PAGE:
Our minds on media.

Musings on the effects of media on cognition.

Media and Crime

A few days ago, I mentioned an article in the economist that discussed Bayesian learning in people. The article led me to wonder if it is this kind of learning in people coupled with the influence of the media that could cause people to overestimate[PDF] their chances of being a victim in a crime. Little did I know… The relation between media and crime has been studied quite prolifically. Honestly, I’m not sure why I initially thought that might not be the case (must have been a bayesian error due to not having seen the research before and not taking sociology my first time around in college). At any rate though, I found a major text on the subject called media and crime by Yvonne Jewkes. Disclaimer here: I haven’t read the book — it’ll show up in the review section once I do — but my initial readings on Google’s book search would suggest that while the relation (between media and crime) is discussed, a mechanism for the relationship and potential cause of overestimation is not. In short, this is to say, I still have homework to engage in on the matter but I’m getting closer.

One of the other, to me, interesting results of discovering relationships like this Baseyian model for learning points to another critical area of cognition. Namely, what happens when you know you’re engaging in a Bayesian process to make a decision. This feedback, this knowing about Bayesian decision-making that comes to us through mediated information, gives us a new ability (a new circuit almost) to avoid critical kinds of mistakes. Think of it this way: if you know you are engaged in making a decision that you are making based on experience, then an intelligent thing to do would be to consult research that shows you where experts differ in their decisions when compared to novices. In a sense, understanding how this kind of decision-making occurs, and knowing what biases exist allows us to ask the question “What mistake am I going to make when I engage in Process X?”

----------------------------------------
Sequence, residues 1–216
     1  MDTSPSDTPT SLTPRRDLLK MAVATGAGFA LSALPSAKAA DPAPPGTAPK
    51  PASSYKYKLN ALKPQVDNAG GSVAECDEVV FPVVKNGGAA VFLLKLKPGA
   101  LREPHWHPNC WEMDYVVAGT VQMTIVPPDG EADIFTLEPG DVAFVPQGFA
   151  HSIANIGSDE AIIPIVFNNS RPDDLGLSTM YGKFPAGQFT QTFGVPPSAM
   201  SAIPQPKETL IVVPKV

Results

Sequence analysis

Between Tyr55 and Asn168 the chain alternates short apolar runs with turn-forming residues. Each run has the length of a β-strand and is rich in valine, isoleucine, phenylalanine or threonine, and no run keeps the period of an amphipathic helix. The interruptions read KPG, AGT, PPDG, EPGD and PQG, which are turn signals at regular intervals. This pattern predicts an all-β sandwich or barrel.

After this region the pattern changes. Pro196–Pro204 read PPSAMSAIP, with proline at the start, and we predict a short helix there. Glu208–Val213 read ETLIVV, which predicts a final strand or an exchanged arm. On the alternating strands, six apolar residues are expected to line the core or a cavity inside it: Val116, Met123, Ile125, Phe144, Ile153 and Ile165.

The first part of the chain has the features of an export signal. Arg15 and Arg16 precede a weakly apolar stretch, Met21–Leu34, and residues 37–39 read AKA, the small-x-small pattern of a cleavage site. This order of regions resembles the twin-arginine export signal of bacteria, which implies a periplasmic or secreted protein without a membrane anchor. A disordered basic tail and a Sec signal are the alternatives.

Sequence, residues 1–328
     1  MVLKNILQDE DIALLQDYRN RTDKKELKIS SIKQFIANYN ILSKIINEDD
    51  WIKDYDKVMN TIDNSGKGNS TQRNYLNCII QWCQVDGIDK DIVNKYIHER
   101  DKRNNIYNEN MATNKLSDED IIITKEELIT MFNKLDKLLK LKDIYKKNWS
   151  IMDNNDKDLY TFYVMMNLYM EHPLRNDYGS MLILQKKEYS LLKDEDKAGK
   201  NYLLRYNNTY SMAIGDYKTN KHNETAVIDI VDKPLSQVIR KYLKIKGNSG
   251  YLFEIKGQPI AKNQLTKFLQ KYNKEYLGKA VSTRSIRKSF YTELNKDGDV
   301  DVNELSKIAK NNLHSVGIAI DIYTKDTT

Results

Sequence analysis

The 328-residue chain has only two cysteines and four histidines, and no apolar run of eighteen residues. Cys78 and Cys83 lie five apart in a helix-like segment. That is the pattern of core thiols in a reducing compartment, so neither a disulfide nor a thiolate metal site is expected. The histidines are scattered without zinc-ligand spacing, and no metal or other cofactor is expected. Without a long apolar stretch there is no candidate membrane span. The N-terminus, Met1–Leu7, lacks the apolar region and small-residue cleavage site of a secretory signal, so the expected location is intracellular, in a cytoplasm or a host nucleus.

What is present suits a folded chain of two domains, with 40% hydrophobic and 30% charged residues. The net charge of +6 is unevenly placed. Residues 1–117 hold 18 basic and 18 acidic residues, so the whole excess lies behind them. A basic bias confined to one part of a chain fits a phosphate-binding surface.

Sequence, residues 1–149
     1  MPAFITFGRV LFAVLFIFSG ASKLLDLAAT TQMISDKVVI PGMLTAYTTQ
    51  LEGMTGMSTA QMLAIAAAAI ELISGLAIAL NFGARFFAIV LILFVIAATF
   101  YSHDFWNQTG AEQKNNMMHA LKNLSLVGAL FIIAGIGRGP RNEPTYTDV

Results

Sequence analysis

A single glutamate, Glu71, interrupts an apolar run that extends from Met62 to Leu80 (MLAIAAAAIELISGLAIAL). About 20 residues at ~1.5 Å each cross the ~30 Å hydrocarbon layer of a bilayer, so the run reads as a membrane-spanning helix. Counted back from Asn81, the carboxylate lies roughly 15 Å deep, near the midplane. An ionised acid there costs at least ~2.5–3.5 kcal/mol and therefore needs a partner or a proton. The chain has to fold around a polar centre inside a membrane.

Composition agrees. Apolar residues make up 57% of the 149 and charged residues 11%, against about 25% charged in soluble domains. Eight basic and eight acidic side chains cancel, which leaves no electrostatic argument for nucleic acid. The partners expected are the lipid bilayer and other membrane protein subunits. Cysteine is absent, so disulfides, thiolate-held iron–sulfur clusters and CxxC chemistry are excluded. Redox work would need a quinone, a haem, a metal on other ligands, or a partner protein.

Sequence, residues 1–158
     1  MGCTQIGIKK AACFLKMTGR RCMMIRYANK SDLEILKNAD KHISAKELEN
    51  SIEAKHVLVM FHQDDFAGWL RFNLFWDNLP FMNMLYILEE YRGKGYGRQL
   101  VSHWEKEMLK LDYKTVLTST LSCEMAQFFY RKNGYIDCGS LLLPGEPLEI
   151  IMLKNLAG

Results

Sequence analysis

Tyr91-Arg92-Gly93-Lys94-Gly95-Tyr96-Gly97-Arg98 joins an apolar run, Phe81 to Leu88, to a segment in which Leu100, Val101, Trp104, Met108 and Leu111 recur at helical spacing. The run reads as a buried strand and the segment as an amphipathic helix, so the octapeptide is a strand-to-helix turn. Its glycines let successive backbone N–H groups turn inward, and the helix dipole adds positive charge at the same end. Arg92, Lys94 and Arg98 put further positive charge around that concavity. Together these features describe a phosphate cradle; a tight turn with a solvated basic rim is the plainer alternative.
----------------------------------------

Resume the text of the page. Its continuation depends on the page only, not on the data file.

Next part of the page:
Maybe that doesn’t seem totally revolutionary. We’ve always had experts to turn to when we weren’t sure what we were doing. The point is more subtle than that. Jeffery Schwartz discusses obsessive compulsive behavior (OCD) in The Mind and the Brain and shows how they can benefit from being aware of physical properties of their brain that illustrate their mental difficulty. Dr. Schwartz would literally show his patients MRIs of their brain in order to show them that their obsessive thoughts were in fact due to a malfunction. This awareness made it easier for them to begin to identify and dismiss those thoughts that were obsessive compulsive. In doing so, with practice, they literally change the structure of their brain, creating a new “circuit” between the prefrontal cortex and the caudate nucleus, overcoming the obsessive compulsive thoughts that come from the Orbital frontal cortex and its connections the caudate nucleus and the cingulate gyrus. They physically change their brain structure and likely do so in a way similar to how bayesian learning “programs” us in the first place; therefore, allowing us to re-program ourselves through conscious reflections on events and facts.

Using this kind of feedback to “change your mind” incidentally is pretty widely discussed in Steven Johnson’s book Mide Wide Open. He also points to a number of other feedback mechanisms we can now use to improve our understanding of our own minds.

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